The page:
Prepared For: Martin and Mary Moderate Prepared By: David M Stitt, CLU, ChFC, CEP, CSA, CFP, RFC

DAMOST Consulting


PROJECTED SAVINGS DETAIL Year

Age of Martin/Mary 2012 49 / 46 2013 50 / 47

Pre-Tax Savings 4,535 4,762

After-Tax Reinvested Total Client Employer Savings Earnings Savings Contributions 8,000 2,267 1,595 14,130 8,000 2,381 1,756 14,518

Total Savings 16,397 16,899

2014 2015 2016 2017 2018

51 / 48 52 / 49 53 / 50 54 / 51 55 / 52

5,000 5,250 5,513 5,789 6,078

8,000 8,000 3,000 3,000 3,000

1,931 2,120 2,323 2,542 2,777

14,931 15,370 10,836 11,331 11,855

2,500 2,625 2,756 2,894 3,039

17,431 17,995 13,592 14,225 14,894

2019 2020 2021 2022 2023

56 / 53 57 / 54 58 / 55 59 / 56 60 / 57

6,382 6,701 7,036 7,388 7,758

3,000 3,000 3,000 3,000 3,000

3,033 3,312 3,608 3,934 4,282

12,415 13,013 13,644 14,322 15,040

3,191 3,350 3,518 3,694 3,879

15,606 16,363 17,162 18,016 18,919

2024 2025 2026 2027 2028

61 / 58 62 / 59 63 / 60 64 / 61 65 / 62

8,145 8,553 8,980 9,429 9,901

3,000 3,000 3,000 3,000 3,000

4,660 5,070 5,513 5,991 6,513

15,805 16,623 17,493 18,420 19,414

4,072 4,276 4,490 4,714 4,950

19,877 20,899 21,983 23,134 24,364

$117,200

$71,000

$60,960

$249,160

$58,596

$307,756

Total

Pre-Tax Savings includes all contributions to qualified retirement plans. After-Tax Savings includes all savings and contributions made after first paying income tax on the income. Reinvested Earnings includes tha value of all reinvested investment earnings. Total Client Savings is the total amount saved by the client in any manner. Employer Contributions reflects the amount contributed by an employer for a client in a qualified retirement plan. Total Savings is the grand total of all savings by or for a client.

Prepared For: Martin and Mary Moderate Prepared By: David M Stitt, CLU, ChFC, CEP, CSA, CFP, RFC

DAMOST Consulting


PROJECTED ASSET DETAIL Year

Age of Martin/Mary

Insurance/ Annuities Real Estate

Qualified Ret. Plans

Business Investment Assets Assets

Total Assets

2012 2013

49 / 46 50 / 47

10,498 11,021

0 0

129,148 142,679

0 0

92,118 107,576

231,764 261,276

2014 2015 2016 2017 2018

51 / 48 52 / 49 53 / 50 54 / 51 55 / 52

11,571 12,149 12,755 13,392 14,060

0 0 0 0 0

157,242 172,907 189,746 207,840 227,271

0 0 0 0 0

124,462 142,909 158,065 163,453 156,303

293,275 327,965 360,566 384,685 397,634

2019 2020 2021 2022 2023

56 / 53 57 / 54 58 / 55 59 / 56 60 / 57

14,762 15,499 16,272 17,085 17,938

0 0 0 0 0

248,128 270,503 294,498 320,218 347,777

0 0 0 0 0

146,412 143,300 157,657 173,246 190,173

409,302 429,302 468,427 510,549 555,888

2024 2025 2026 2027 2028

61 / 58 62 / 59 63 / 60 64 / 61 65 / 62

18,834 19,775 20,763 21,800 22,889

0 0 0 0 0

377,292 408,893 442,713 478,895 517,591

0 0 0 0 0

208,556 228,522 250,213 273,778 299,385

604,682 657,190 713,689 774,473 839,865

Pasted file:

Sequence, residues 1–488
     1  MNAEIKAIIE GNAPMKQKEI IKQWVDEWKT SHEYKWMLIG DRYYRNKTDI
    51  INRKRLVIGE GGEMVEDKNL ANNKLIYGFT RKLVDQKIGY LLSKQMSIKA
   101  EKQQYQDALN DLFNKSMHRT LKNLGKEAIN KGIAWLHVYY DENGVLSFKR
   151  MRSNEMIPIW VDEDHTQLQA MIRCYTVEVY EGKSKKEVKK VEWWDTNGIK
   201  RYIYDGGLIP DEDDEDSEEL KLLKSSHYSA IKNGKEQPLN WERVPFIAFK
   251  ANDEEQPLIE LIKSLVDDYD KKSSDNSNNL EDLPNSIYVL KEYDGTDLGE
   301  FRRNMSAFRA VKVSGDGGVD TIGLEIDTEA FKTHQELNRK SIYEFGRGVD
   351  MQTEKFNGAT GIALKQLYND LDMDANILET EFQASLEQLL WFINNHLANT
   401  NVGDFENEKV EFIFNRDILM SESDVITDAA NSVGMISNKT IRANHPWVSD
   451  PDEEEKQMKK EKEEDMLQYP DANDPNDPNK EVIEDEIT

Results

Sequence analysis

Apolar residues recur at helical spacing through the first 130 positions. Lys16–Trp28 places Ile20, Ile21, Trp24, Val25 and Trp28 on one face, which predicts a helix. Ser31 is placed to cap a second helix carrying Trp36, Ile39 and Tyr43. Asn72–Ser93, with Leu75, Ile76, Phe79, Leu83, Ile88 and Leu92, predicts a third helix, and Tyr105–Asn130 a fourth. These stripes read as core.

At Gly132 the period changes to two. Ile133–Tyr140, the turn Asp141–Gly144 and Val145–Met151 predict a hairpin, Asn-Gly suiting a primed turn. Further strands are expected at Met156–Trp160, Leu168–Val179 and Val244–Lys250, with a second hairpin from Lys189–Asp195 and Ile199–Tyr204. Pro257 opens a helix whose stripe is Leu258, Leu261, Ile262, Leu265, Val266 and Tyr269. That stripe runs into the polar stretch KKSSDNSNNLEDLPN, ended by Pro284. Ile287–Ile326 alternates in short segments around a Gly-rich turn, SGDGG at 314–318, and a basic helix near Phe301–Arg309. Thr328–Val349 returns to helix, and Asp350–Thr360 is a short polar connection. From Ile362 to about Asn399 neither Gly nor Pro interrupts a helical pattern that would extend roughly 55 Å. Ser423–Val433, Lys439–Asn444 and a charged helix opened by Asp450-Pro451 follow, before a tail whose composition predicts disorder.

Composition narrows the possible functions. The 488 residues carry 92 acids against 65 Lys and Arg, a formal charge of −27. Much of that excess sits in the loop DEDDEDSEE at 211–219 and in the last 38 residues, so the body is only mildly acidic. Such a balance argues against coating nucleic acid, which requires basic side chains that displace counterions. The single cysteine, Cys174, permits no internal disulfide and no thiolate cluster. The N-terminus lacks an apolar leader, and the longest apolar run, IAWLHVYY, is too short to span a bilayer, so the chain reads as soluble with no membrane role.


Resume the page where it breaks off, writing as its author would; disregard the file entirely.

Insurance & Annuities is total cash values minus loans + the value of deferred annuities. Real Estate is the sum of the market values of the property minus outstanding mortgages. Qualified Ret. Plans is the sum of qualified assets. Business assets represents the estimated value of all businesses. Investment Assets is the total of all other assets available to provide income for retirement. Only Real Estate and Business Assets available for retirement needs are included in the value of real estate and or business value.

Prepared For: Martin and Mary Moderate Prepared By: David M Stitt, CLU, ChFC, CEP, CSA, CFP, RFC

DAMOST Consulting


PROJECTED CASH FLOW AND NET WORTH SUMMARY Year

Age of Martin/Mary

Total Income

Expenses

Annual Taxes

Client Savings

2012 2013

49 / 46 50 / 47

174,433 181,762

95,077 97,555

45,713 53,323

14,130 14,518

19,513 16,366

761,434 836,273

2014 2015 2016 2017 2018

51 / 48 52 / 49 53 / 50 54 / 51 55 / 52

189,449 197,508 183,960 203,963 226,174

96,987 92,942 73,940 86,744 101,054

56,369 59,577 62,633 67,058 72,087

14,931 15,370 10,836 11,331 11,855

21,162 29,619 36,551 38,830 41,178

913,457 989,398 1,043,056 1,089,074 1,124,798

2019 2020 2021 2022 2023

56 / 53 57 / 54 58 / 55 59 / 56 60 / 57

237,785 240,066 232,816 244,070 255,871

105,691 101,867 89,717 93,265 96,953

75,824 78,317 79,182 84,255 88,315

12,415 13,013 13,644 14,322 15,040

43,855 46,869 50,273 52,228 55,563

1,160,152 1,204,785 1,269,529 1,338,295 1,411,343

2024 2025 2026 2027 2028

61 / 58 62 / 59 63 / 60 64 / 61 65 / 62

268,252 281,242 294,870 309,168 324,174

100,786 104,771 108,922 113,231 117,714

92,580 97,061 101,987 107,193 112,668

15,805 16,623 17,493 18,420 19,414

59,081 62,787 66,468 70,324 74,378

1,488,955 1,571,433 1,659,101 1,752,301 1,851,406

$4,045,563

$1,677,216

$1,334,142

$249,160

$785,045

Total

Surplus or Deficit Net Worth